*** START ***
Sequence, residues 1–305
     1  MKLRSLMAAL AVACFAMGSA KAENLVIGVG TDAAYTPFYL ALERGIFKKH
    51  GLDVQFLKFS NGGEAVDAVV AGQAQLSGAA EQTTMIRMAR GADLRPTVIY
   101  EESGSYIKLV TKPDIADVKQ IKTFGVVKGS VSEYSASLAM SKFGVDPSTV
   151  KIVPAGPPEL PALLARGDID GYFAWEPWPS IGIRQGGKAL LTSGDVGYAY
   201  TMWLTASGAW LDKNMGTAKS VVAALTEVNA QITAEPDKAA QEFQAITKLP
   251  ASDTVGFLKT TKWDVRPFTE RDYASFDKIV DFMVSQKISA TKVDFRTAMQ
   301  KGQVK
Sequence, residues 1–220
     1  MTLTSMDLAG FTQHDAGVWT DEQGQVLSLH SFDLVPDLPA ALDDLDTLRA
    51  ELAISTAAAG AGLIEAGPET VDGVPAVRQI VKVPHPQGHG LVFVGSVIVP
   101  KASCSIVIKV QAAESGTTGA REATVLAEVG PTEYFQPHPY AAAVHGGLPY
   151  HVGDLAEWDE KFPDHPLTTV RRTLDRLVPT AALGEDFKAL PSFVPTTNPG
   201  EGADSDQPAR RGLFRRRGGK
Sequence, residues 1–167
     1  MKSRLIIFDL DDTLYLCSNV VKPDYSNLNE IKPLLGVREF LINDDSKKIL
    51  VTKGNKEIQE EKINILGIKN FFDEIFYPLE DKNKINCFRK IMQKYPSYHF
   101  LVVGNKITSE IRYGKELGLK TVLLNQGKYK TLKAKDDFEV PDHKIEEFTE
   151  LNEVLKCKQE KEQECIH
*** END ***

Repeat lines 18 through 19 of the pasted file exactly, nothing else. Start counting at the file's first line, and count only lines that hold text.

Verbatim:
   101  LVVGNKITSE IRYGKELGLK TVLLNQGKYK TLKAKDDFEV PDHKIEEFTE
   151  LNEVLKCKQE KEQECIH